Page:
Barbara Hundt, of Madison, put it this way: Stand at the side of the pool and the doctor-ordered physical therapy for her broken foot costs her nothing.
Stick that foot in the pool, though, and she’s out $804.
Hundt, 64, broke her left foot and damaged some ligaments May 3 while sightseeing on a trip to Canada.
After some time off both of her feet, her doctor sent her to a physical therapist, who after one session said what she really needed was some time in the pool.
Physical therapy in water provides resistance but without pressure or direct contact with a hard surface, she explained to SOS, and this can speed up recovery and provide more healing per PT session.
“I really did progress. Prior to that I couldn’t even touch it,” she said of the water-based PT.
Hundt said her insurance company, WPS Health Solutions, pre-approved six or eight PT visits, and she assumed that included water PT, given that’s what her in-network physical therapist at UW Health was urging her to get.
“It never dawned on me, nor (on) the PT,” to question whether insurance would cover it, she said.
She was wrong, and in a July 10 statement from the insurer found out she was expected to pay $804 for the two water sessions on June 22 and June 26. One on June 14 on terra firma was covered. Its list price is $320, according to the statement, but cost $227.20 with a “provider discount.”
WPS spokesman Tom Enwright declined to comment on Hundt’s cases when asked about it on Oct. 9. But an Oct. 15 email to Kathleen Held, in the company’s Grievance & Appeals division, and WPS Senior Account Manager Courtney Loos might have shaken something loose.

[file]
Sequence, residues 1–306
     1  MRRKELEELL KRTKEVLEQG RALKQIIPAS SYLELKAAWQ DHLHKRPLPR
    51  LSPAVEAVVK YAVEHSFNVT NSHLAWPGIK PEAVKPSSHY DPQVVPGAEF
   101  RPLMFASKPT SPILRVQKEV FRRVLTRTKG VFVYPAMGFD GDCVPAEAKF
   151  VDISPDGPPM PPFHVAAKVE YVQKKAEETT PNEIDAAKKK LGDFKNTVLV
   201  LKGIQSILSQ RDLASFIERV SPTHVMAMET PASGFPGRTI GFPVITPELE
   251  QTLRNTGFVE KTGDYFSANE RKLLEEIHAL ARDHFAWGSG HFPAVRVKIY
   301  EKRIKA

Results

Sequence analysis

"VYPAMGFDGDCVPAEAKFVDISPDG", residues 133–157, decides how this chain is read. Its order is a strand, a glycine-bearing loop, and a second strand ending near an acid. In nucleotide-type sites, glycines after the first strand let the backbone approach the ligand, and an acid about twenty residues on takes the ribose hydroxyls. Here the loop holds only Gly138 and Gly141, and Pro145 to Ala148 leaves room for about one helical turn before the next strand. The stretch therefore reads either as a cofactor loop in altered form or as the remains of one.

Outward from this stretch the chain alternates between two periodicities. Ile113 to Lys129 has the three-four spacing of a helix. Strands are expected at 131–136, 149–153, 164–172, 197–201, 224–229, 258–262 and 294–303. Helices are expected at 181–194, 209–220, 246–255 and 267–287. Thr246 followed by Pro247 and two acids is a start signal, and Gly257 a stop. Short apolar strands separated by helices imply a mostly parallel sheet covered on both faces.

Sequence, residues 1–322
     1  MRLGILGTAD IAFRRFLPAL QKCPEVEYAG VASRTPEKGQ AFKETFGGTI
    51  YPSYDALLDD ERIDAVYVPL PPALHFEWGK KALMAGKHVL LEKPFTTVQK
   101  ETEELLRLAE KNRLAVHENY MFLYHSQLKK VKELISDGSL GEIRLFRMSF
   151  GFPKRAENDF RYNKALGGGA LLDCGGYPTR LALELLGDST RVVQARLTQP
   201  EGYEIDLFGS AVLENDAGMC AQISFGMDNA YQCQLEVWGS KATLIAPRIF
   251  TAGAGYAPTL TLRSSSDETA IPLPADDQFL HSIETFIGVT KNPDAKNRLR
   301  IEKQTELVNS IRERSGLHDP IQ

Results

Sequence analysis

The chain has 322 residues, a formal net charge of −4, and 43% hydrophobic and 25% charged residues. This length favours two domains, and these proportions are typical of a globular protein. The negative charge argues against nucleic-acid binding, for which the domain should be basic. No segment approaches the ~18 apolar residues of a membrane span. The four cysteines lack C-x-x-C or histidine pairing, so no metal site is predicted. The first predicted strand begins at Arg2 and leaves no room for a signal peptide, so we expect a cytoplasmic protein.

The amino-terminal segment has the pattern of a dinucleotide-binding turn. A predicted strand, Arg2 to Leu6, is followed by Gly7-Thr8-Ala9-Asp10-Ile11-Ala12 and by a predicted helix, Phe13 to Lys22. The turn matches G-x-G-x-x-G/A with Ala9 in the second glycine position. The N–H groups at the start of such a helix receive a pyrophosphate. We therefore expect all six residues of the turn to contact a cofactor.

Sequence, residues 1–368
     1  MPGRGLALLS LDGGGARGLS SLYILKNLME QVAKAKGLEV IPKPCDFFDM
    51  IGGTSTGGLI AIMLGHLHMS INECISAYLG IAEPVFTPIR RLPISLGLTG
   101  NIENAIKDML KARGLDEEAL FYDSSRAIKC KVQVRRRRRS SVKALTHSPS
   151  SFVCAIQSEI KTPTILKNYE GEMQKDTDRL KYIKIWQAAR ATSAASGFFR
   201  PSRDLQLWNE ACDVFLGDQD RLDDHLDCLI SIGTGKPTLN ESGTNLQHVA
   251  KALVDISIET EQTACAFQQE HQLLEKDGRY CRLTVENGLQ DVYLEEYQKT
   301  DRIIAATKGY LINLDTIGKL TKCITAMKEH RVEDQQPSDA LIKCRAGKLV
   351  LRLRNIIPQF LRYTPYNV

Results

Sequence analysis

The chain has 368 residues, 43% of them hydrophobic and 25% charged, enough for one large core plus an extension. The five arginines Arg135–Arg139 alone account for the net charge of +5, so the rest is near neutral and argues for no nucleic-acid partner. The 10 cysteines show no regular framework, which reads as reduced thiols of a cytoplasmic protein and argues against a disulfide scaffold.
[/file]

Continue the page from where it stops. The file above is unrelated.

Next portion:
Hundt said that at about 5 p.m. that day, she got a call from a fourth WPS employee saying the water PT charges would be covered.
“Yesterday was a great day,” she said via email on Oct. 16. “Big Brewer & Packer wins & I’m $804 ahead, thanks to WPS & both of our efforts! I’ve been contacting people since July & think your involvement turned the corner for me.”
According to an Aug. 20 email from Loos and provided by Hundt, Hundt’s policy specifically exempts “aquatic therapy” and “is a standard exclusion with many of our plans.”
Enwright declined to confirm coverage of Hundt’s aquatic PT; nor would he describe WPS’ position on covering aquatic PT in general.
In a statement, WPS Executive Vice President of Marketing and Business Development Scott Kowalski said “WPS does not comment on any specific customer situation.”
But he said the company has “a process for each and every WPS customer to appeal a health insurance claim that they believe was denied improperly. WPS customers can contact us with a request for appeal via mail, phone, or through email. We welcome WPS customers to utilize this avenue to address their concerns.”
Hundt was happy that it appears WPS will cover a treatment she feels helped her heal more quickly and was less costly than if she’d had to remain on dry land.